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State ex rel. Cullen v. Harrell

Supreme Court of Missouri, En Banc

February 26, 2019

STATE OF MISSOURI ex rel. JERRY CULLEN, Relator,
v.
THE HONORABLE KEVIN D. HARRELL, Respondent.

          ORIGINAL PROCEEDING IN PROHIBITION

          PATRICIA BRECKENRIDGE, JUDGE

         Jerry Cullen ("Husband") seeks a writ to prohibit the circuit court from enforcing its order compelling him to turn over all correspondence pertaining to his military retirement benefits and to sign an authorization releasing his military records related to the reservist points he earned during his marriage to Janice Scroggins ("Wife"). Husband characterizes the circuit court's order as a modification of its prior dissolution judgment and claims the circuit court exceeded its authority by entering an order sustaining Wife's motion to compel because the order was entered beyond the one-year time limitation for filing a Rule 74.06 motion for relief from a judgment due to mistake. Husband also asserts Wife's motion to compel was barred by collateral estoppel and res judicata. Husband further claims his due process rights and privacy rights under the Health Insurance Portability and Accountability Act ("HIPAA") were violated when the circuit court entered an overly broad order sustaining Wife's motion without a hearing.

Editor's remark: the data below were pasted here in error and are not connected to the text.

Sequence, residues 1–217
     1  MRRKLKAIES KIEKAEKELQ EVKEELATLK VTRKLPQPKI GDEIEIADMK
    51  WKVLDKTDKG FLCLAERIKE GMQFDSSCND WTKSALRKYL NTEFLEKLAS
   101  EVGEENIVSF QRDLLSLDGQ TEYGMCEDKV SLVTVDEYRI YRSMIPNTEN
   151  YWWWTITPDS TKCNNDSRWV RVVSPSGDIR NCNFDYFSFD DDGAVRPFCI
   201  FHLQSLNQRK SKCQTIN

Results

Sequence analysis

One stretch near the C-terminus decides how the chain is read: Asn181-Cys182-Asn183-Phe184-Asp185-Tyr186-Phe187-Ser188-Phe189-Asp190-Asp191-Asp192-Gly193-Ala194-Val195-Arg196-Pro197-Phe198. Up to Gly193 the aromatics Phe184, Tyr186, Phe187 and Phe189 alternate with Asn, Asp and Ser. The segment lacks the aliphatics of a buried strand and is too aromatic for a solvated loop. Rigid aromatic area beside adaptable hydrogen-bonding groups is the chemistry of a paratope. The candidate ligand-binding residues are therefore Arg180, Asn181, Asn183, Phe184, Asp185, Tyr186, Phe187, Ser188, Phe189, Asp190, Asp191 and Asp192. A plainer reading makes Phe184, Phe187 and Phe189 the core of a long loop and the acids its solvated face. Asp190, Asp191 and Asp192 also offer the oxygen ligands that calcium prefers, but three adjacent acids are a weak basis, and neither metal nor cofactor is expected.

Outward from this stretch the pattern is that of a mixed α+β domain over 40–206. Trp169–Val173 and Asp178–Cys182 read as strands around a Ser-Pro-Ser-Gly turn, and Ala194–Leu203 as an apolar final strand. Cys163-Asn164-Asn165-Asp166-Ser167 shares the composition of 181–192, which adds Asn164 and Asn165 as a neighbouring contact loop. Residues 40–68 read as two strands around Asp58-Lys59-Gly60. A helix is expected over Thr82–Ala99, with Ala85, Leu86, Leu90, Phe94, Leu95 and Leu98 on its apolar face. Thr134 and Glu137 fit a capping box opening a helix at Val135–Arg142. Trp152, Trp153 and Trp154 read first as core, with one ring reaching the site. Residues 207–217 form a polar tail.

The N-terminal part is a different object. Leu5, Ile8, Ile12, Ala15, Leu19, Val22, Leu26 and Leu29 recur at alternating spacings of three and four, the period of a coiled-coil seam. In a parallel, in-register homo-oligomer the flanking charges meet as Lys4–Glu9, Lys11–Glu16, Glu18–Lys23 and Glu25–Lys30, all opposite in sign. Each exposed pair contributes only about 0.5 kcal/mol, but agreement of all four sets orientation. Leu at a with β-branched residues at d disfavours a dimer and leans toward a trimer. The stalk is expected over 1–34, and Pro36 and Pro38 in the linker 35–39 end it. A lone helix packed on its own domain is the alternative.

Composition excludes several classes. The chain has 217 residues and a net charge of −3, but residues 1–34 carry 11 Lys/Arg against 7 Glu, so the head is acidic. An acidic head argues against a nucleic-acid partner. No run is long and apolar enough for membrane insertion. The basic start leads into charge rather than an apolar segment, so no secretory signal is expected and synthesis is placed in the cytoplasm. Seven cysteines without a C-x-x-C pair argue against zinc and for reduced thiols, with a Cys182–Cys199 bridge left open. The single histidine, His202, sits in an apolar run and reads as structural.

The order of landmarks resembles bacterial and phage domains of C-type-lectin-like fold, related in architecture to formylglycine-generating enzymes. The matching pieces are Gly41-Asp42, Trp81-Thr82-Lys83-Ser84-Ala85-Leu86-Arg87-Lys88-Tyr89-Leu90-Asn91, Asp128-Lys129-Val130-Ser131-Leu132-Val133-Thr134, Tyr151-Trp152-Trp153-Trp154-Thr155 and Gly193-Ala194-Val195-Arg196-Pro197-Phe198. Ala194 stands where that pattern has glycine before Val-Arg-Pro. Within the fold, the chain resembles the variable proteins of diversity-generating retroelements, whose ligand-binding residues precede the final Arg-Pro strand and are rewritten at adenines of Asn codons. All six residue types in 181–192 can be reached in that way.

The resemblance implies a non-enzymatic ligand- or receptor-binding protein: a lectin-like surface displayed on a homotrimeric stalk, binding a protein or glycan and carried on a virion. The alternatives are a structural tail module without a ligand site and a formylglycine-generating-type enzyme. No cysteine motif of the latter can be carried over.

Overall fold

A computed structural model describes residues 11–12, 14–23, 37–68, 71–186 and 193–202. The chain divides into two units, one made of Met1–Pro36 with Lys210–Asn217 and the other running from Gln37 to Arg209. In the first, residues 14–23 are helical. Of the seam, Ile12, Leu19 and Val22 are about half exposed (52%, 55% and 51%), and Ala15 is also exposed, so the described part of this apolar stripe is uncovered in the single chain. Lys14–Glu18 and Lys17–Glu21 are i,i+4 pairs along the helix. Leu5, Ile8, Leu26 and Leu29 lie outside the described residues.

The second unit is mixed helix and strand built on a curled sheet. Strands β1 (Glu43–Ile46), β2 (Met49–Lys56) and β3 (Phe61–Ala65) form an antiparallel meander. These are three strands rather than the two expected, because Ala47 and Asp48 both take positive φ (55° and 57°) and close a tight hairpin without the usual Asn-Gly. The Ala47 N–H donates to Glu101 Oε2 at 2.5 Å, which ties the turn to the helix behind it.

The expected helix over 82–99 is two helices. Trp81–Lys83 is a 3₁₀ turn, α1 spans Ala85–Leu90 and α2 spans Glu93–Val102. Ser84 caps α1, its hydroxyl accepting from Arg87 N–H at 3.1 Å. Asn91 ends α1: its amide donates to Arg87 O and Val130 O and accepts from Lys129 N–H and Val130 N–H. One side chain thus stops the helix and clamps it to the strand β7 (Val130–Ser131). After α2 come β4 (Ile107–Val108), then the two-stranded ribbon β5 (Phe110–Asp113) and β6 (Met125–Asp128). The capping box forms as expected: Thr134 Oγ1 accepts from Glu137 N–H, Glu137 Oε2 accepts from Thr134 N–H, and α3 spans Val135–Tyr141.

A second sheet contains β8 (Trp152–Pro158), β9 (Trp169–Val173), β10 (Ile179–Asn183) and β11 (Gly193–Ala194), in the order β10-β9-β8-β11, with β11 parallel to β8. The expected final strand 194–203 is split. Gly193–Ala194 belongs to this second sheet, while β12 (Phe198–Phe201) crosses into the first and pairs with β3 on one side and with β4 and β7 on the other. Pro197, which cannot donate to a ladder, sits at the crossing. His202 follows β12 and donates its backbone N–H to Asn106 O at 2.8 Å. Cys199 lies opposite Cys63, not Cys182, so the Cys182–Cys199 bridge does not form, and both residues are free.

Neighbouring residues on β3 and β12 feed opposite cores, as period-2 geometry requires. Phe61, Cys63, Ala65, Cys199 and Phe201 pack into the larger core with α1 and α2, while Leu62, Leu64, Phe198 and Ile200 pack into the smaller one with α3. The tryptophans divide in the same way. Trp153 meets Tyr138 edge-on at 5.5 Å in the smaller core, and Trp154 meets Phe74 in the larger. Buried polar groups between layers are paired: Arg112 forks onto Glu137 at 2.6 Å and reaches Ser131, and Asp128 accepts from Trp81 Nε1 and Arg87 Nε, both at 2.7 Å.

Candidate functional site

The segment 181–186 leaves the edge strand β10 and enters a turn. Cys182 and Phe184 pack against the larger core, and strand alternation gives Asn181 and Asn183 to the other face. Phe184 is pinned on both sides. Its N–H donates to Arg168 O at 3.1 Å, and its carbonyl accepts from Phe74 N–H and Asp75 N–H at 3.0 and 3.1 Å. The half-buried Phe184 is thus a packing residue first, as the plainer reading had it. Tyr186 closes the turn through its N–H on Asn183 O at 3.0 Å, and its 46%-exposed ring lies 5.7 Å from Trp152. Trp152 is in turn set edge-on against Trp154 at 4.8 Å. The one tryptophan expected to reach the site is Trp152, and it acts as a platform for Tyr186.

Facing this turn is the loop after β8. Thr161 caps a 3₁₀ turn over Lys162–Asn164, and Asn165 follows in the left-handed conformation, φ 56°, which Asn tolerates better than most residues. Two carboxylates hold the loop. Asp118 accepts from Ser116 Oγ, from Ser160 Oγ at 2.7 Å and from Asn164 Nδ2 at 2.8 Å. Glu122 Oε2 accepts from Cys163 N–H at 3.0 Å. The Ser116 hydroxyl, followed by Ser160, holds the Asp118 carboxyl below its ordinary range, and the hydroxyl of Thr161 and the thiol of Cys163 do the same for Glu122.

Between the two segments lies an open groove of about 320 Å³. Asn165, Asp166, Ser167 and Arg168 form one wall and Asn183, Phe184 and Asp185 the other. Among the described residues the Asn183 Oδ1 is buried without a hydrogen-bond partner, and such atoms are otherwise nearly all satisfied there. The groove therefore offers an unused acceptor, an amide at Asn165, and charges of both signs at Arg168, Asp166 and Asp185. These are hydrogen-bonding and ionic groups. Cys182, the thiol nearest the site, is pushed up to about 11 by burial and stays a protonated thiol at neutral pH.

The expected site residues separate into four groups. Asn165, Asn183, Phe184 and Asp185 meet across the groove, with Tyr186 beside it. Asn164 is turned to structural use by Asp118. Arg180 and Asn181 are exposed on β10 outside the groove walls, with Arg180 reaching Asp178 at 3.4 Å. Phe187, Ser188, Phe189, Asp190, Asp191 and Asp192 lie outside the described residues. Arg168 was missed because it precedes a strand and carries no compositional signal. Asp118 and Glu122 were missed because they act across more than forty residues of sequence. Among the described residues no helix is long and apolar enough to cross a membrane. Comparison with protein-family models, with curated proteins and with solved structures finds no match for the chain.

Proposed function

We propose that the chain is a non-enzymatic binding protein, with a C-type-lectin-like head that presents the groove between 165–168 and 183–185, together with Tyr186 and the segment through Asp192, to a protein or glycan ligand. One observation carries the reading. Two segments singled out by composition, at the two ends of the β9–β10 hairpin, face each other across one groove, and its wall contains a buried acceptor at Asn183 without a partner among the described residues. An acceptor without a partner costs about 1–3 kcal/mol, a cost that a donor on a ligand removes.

This Court holds Husband failed to establish the circuit court acted in excess of its authority when it sustained Wife's motion to compel. Contrary to Husband's claims, the circuit court's order did not modify or otherwise grant Wife any relief from the division of property in the parties' dissolution judgment. Rather, in ordering Husband to turn over and authorize release of any documents relating to his military retirement benefits, the circuit court was exercising its inherent authority to make proper orders such as are necessary to effectuate its dissolution judgment awarding Wife of half of the marital portion of Husband's military retirement benefits. Accordingly, the circuit court's order was not governed by the one-year time limitation in Rule 74.06(c) and was not barred under the doctrines of collateral estoppel or res judicata.